Our analysis is not intended to provide a normative, doctrinal analysis of law and jurisprudence on gender and religion in Norway and Denmark. Rather, our aim is to tease out the ways in which these Norwegian and Danish monitoring bodies have navigated between international human rights law, domestic anti-discrimination law and their interpretation of the claims for recognition and protection lodged by claimants in the cases that we have examined. As such, our analytical approach is inspired by socio-legal studies, and in particular an understanding of human rights as a key contemporary, transnational discourse with numerous local iterations that require different modes of analysis rather than normative examinations. As such, we approach the work at the monitoring bodies as examples of ‘social and ethical knowledge practices that appear in discrete places at discrete times with enough autonomy that they can be isolated analytically and studied in what is often described as their “local context”’.12

Our interest is to examine the influence of the differing local contexts offered by the Danish and Norwegian legal systems on the global register of human rights norms on religion and gender. This entails an examination of how global discourses on human rights are reinterpreted and given new meanings in the vernaculars of the local contexts in which they are given concrete, direct expression through legal decision-making. As such, we do not consider jurisprudential issues concerning precedent and consistency with earlier or future legal decision-making within the two countries. Rather, we use the decisions of the monitoring bodies as points of departure to examine the ways in which international human rights norms on religion and gender have been framed and translated into the local contexts offered by Norway and Denmark.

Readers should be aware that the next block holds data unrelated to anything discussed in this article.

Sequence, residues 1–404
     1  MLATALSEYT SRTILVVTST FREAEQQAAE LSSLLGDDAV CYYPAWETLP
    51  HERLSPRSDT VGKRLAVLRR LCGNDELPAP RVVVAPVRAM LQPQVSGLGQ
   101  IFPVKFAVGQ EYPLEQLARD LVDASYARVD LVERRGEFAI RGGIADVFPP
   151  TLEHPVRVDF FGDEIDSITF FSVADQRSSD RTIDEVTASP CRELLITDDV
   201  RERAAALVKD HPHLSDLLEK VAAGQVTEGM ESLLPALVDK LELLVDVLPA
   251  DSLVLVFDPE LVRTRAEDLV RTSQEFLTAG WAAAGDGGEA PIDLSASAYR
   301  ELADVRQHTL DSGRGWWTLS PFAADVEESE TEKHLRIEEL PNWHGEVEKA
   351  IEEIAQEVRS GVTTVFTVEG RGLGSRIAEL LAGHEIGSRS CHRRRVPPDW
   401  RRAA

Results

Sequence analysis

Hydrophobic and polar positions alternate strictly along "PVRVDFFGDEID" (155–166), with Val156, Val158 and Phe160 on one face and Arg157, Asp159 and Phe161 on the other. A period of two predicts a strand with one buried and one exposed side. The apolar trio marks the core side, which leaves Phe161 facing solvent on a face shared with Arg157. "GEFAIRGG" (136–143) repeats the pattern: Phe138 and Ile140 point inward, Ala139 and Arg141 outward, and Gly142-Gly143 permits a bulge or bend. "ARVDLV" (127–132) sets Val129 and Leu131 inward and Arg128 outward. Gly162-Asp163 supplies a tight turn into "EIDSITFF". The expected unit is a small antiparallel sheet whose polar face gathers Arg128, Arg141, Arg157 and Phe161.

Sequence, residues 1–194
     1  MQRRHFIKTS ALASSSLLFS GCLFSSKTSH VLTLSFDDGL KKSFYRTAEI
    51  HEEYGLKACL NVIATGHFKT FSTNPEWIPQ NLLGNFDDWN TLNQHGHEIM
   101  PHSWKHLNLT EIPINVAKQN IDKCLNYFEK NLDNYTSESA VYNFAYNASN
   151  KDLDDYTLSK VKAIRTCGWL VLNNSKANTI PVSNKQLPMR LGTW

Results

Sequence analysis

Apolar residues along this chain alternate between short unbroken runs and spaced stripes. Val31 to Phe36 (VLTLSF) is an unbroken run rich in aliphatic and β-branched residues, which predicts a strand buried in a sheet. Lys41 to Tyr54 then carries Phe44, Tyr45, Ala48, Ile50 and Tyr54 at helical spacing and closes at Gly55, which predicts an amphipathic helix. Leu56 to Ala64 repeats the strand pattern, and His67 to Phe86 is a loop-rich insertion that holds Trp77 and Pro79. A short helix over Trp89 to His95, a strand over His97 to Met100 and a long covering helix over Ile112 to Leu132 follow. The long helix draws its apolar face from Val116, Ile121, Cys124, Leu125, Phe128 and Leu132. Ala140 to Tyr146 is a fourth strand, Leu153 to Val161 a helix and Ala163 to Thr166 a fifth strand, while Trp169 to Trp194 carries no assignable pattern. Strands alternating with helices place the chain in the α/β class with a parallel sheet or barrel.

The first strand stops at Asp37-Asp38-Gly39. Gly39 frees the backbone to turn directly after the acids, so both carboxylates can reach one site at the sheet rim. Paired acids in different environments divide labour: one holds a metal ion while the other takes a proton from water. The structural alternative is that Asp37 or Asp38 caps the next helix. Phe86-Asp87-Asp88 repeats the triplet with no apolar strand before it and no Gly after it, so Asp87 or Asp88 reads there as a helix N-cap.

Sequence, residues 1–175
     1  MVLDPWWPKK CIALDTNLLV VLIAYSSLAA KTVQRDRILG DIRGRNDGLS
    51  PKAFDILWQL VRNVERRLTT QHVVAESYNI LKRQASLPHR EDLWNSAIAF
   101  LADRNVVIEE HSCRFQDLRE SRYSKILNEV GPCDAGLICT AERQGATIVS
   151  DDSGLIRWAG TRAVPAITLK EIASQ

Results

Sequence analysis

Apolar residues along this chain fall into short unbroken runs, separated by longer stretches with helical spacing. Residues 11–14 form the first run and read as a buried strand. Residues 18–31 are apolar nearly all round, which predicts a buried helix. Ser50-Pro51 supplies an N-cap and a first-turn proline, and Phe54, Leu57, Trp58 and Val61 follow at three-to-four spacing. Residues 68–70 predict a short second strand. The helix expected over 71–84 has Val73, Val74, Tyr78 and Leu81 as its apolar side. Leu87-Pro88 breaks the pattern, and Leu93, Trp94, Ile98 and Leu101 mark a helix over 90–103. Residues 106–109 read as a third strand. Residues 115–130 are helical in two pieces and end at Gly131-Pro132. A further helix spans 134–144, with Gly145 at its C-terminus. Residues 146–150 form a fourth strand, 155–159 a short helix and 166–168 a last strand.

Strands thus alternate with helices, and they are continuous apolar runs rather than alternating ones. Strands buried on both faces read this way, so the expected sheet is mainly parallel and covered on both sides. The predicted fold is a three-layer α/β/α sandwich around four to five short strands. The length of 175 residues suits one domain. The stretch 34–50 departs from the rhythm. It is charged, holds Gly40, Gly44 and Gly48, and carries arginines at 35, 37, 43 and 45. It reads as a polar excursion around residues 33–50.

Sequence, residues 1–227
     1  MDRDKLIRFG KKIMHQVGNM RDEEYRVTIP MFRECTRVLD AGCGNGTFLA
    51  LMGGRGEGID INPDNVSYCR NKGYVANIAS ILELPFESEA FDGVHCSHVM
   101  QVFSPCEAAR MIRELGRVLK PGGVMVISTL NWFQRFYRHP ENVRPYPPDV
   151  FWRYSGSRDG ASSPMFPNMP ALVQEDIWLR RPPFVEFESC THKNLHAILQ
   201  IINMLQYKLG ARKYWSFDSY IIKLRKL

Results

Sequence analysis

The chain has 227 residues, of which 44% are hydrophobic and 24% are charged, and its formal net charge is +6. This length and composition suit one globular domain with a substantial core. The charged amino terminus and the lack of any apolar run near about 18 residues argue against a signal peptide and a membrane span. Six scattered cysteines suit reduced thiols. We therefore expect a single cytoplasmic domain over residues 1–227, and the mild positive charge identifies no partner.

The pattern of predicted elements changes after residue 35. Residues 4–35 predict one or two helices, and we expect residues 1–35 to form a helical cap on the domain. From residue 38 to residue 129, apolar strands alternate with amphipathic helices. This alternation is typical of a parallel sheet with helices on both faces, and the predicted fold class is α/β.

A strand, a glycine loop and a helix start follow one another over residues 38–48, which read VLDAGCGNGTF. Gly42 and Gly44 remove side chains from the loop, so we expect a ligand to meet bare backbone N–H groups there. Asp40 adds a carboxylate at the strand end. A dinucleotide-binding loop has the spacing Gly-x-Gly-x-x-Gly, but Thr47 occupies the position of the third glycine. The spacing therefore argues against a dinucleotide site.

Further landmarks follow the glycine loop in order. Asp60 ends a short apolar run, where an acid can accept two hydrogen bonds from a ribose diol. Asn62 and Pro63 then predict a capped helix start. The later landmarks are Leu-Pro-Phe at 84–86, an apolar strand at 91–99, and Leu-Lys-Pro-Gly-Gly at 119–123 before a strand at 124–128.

2. Legal Framework on Discrimination in Norway and Denmark

The analysis below takes its point of departure in decisions from relevant quasi-judicial monitoring bodies in the two countries. These bodies are the Board of Equal Treatment (Ligebehandlingsnævnet) in Denmark and the Equality and Anti-Discrimination Ombud (Likestillings- og diskrimineringsombud) along with the recently established Equality and Anti-Discrimination Tribunal (Diskrimineringsnemnda) in Norway. Both countries have robust constitutional and statutory legal provisions in place to prevent discrimination, albeit with important differences. The Danish Constitution mentions equal treatment in a central clause:

§ 70 No person shall by reason of his creed or descent be deprived of access to the full enjoyment of civic and political rights, nor shall he escape compliance with any common civic duty for such reasons.

This clause is essentially unchanged from the first Constitution from 1849; however, ‘descent’ was added in 1953. Protection against general discrimination is not strongly present in the Danish Constitution, which remains unchanged since 1953.

In contrast, a much broader protection was included in § 98 of the Norwegian Constitution in 2014: